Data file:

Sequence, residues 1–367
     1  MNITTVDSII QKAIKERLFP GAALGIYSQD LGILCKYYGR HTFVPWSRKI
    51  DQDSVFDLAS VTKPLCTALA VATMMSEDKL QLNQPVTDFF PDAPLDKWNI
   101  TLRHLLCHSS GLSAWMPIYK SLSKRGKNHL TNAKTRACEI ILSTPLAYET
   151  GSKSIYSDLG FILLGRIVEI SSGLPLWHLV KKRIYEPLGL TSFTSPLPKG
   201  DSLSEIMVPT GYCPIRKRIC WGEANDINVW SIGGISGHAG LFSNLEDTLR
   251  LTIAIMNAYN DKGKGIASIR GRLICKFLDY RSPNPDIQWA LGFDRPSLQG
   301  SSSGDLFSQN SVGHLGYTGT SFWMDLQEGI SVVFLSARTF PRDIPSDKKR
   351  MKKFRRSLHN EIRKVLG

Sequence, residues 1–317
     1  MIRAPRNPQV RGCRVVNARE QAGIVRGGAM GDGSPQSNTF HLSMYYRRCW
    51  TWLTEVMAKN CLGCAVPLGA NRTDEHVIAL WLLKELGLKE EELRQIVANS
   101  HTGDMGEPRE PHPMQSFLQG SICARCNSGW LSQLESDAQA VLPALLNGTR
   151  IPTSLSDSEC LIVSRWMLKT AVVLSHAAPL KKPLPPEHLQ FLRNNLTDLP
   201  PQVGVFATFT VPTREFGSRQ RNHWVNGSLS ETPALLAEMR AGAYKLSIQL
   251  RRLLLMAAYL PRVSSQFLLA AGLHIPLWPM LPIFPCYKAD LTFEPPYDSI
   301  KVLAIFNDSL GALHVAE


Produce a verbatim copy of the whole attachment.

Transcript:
Sequence, residues 1–367
     1  MNITTVDSII QKAIKERLFP GAALGIYSQD LGILCKYYGR HTFVPWSRKI
    51  DQDSVFDLAS VTKPLCTALA VATMMSEDKL QLNQPVTDFF PDAPLDKWNI
   101  TLRHLLCHSS GLSAWMPIYK SLSKRGKNHL TNAKTRACEI ILSTPLAYET
   151  GSKSIYSDLG FILLGRIVEI SSGLPLWHLV KKRIYEPLGL TSFTSPLPKG
   201  DSLSEIMVPT GYCPIRKRIC WGEANDINVW SIGGISGHAG LFSNLEDTLR
   251  LTIAIMNAYN DKGKGIASIR GRLICKFLDY RSPNPDIQWA LGFDRPSLQG
   301  SSSGDLFSQN SVGHLGYTGT SFWMDLQEGI SVVFLSARTF PRDIPSDKKR
   351  MKKFRRSLHN EIRKVLG

Sequence, residues 1–317
     1  MIRAPRNPQV RGCRVVNARE QAGIVRGGAM GDGSPQSNTF HLSMYYRRCW
    51  TWLTEVMAKN CLGCAVPLGA NRTDEHVIAL WLLKELGLKE EELRQIVANS
   101  HTGDMGEPRE PHPMQSFLQG SICARCNSGW LSQLESDAQA VLPALLNGTR
   151  IPTSLSDSEC LIVSRWMLKT AVVLSHAAPL KKPLPPEHLQ FLRNNLTDLP
   201  PQVGVFATFT VPTREFGSRQ RNHWVNGSLS ETPALLAEMR AGAYKLSIQL
   251  RRLLLMAAYL PRVSSQFLLA AGLHIPLWPM LPIFPCYKAD LTFEPPYDSI
   301  KVLAIFNDSL GALHVAE